We landed gently and afterwards, with immigration and customs all behind me, I was surprised to see all the other jolly holiday makers from the plane, getting on to one coach, leaving me behind. Did they know something I did not? Apparently so. After a while a Charlie Chaplain look-a-like greeted me with “Signor Winter?” I nodded. “You will please to come with me?” So I was the only passenger going to the Don Pedro. I wonder where all those other folk were going. Charlie stowed my case in the back of the minicab while I climbed into the front. As we drove off, I enquired where the slot for my seat belt was located. Taking both hands off the steering wheel and waving them in the air he said, “Ah, do not worry, in Italy it does not matter.” It might not have mattered to the Italians but it mattered to me. I clung to the dashboard and my seat and almost to the driver. His only concern was to get me to the docks and the ferry boat before 0900 hrs. My only concern was to arrive there alive. Although it seemed that all the drivers were madmen they were in fact very skilful, because as Charlie told me “Here there are no rules!” No rules indeed, only very loud motor horns. One would expect every car to look like entrants in a stock car race, after the race has been completed, but they were surprisingly dent free.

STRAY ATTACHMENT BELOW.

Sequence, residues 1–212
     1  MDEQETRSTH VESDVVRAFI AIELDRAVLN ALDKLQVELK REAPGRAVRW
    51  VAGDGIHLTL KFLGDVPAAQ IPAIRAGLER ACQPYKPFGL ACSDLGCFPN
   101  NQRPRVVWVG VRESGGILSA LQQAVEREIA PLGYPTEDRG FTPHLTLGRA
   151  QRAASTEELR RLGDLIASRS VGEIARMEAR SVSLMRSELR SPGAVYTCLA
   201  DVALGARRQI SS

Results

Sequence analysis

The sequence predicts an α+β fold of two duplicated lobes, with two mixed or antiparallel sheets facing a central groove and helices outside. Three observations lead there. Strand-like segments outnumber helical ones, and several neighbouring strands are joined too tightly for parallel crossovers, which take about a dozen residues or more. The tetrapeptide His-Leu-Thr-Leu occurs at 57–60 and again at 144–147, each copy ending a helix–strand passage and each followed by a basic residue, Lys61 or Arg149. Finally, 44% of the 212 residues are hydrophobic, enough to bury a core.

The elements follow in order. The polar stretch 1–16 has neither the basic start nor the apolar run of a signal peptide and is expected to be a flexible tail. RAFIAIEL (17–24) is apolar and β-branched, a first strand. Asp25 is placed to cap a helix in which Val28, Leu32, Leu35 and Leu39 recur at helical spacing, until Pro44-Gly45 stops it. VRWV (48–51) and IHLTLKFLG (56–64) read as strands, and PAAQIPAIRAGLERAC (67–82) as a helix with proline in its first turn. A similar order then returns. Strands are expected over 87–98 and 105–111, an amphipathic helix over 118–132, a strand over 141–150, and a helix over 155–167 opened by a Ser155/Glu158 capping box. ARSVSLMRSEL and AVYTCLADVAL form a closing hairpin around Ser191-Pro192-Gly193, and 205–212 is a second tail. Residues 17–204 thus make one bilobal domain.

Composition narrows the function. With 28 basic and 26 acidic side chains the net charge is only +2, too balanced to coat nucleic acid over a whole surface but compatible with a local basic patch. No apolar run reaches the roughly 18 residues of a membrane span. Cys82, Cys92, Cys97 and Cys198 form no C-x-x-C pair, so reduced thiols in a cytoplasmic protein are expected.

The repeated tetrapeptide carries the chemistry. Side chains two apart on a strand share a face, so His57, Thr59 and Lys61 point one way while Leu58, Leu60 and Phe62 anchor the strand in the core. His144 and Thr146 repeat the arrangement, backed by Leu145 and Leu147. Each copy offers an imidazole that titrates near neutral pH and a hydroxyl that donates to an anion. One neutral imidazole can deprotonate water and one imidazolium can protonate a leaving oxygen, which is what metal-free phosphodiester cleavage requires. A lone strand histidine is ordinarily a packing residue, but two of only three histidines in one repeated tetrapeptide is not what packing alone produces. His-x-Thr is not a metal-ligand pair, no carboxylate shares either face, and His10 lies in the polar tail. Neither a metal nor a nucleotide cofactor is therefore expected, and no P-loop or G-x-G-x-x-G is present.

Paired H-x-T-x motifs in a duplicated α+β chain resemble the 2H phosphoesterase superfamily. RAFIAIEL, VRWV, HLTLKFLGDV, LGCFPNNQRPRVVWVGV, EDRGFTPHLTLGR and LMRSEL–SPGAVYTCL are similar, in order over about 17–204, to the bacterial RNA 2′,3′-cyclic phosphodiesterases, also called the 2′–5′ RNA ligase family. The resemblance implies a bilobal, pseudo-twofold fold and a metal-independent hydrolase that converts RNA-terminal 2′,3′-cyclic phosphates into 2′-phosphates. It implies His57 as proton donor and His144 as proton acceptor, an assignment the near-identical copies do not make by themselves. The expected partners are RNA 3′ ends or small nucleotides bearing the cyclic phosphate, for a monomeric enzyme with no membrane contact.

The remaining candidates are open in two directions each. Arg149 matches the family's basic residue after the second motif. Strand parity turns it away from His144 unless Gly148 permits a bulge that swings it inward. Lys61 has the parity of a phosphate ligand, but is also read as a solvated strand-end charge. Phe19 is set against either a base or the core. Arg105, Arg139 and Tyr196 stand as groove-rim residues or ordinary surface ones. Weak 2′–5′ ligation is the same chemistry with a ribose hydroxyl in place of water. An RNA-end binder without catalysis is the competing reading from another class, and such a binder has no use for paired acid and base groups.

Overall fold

There were two types of ferry boats, the upmarket Hydrofoil which reached Ischia in fifty minutes, and the rusty old tub waiting for me which takes the best part of two hours and has no below deck seating. The clock struck nine as the ferry pulled out of the harbour and away from the General Strike. The coastline was quite lovely and we passed lots of pretty islands and a huge American aircraft carrier. The sea was choppy, the wind fierce and very cold and the deck was like a roller coaster. Mercifully, my 0500hrs breakfast stayed firmly anchored. The most interesting passenger was a big black scruffy canine who fought a valiant battle to stay upright on the rolling deck, capitulated and anchored himself behind wooden bench. People commute between Ischia and Naples daily and the ferries run as frequently as a No.14 bus. There was a snack bar on board and I made the mistake of ordering an Espresso coffee, which turned out to be about 100 mls of black sludge in the bottom of the smallest paper cup I have ever seen. Why did I think that Espresso was drinkable with frothy stuff on top? Well, we learn something every day.